5 Papers in the Special Issue
We have discussed some key themes in the organizational evolution research emerging in recent years. We believe that ideas and arguments presented above can serve as a useful introduction to the three articles finally accepted for publication in this Special Issue.
The Special Issue opens with the article written by Roberto Cafferata and entitled Darwinist Connections between the Systemness of Social Organizations and their Evolution. Is the systemness of social organizations a determinant of their evolution? As Cafferata explains, this pivotal research question has not yet received appropriate attention by the literatures on management and organization theory. Thus, he attempts to fill this gap through adopting a critical Darwinist approach, which also directly refers to the content of Darwin’s Origin of the Species. In particular, Cafferata’s hypothesis is that “social organizations can be neither homologous with biological creatures, nor perfectly homologated to them, although they show some structural and behavioral features in common with the organisms studied by Darwin himself” (p. 4).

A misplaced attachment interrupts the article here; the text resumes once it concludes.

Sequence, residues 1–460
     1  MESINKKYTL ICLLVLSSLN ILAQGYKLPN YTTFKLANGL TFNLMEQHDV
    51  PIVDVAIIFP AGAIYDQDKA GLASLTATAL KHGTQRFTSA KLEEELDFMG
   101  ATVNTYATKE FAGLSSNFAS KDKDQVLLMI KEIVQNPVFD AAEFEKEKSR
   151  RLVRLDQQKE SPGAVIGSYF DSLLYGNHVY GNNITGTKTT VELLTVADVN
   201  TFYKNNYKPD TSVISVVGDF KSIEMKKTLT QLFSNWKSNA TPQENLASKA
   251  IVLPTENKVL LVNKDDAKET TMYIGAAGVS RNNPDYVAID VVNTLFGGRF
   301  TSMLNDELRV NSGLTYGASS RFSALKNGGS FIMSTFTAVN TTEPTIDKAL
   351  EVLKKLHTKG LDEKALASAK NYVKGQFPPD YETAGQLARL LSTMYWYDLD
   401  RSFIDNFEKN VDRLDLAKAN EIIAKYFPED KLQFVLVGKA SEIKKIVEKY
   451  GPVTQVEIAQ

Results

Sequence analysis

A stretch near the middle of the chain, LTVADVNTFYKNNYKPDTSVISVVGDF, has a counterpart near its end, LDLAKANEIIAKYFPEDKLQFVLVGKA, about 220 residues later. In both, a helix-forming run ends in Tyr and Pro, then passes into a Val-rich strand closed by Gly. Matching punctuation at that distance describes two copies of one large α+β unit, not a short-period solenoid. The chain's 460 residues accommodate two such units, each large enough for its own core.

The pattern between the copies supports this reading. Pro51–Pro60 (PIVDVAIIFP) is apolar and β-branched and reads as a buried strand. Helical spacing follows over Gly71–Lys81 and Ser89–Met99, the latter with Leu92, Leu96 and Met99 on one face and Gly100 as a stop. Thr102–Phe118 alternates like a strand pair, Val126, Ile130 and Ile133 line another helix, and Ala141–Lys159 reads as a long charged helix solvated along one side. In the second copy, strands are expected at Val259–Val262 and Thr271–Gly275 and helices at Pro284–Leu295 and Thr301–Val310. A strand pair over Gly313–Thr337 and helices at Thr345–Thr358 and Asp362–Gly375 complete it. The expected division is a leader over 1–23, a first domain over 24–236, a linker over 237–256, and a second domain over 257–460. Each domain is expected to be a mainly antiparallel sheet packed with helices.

The Special Issue continues with the article written by Dermot Breslin and entitled What Evolves in Organizational Co-Evolution? Breslin examines in detail how different scholars have conceptualized the evolutionary process in social systems, with regard to the unit of co-evolution. Reviewing literatures on innovation, change and organizational learning, Breslin identifies two broad approaches taken: namely, the “entity” and “practice” views. He then considers the implications of adopting both perspectives when considering the conceptualization of organizational co-evolution and related empirical investigations.